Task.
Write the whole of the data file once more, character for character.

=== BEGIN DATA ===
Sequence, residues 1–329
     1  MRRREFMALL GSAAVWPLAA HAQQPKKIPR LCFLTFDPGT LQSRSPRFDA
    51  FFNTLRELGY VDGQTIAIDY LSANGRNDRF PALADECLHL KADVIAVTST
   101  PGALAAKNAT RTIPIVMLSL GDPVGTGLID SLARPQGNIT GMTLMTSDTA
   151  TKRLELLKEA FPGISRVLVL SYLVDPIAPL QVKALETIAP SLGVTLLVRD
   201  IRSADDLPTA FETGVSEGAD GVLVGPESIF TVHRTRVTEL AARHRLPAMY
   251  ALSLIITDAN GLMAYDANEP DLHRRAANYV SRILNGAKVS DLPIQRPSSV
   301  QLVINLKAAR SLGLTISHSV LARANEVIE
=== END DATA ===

Sequence, residues 1–329
     1  MRRREFMALL GSAAVWPLAA HAQQPKKIPR LCFLTFDPGT LQSRSPRFDA
    51  FFNTLRELGY VDGQTIAIDY LSANGRNDRF PALADECLHL KADVIAVTST
   101  PGALAAKNAT RTIPIVMLSL GDPVGTGLID SLARPQGNIT GMTLMTSDTA
   151  TKRLELLKEA FPGISRVLVL SYLVDPIAPL QVKALETIAP SLGVTLLVRD
   201  IRSADDLPTA FETGVSEGAD GVLVGPESIF TVHRTRVTEL AARHRLPAMY
   251  ALSLIITDAN GLMAYDANEP DLHRRAANYV SRILNGAKVS DLPIQRPSSV
   301  QLVINLKAAR SLGLTISHSV LARANEVIE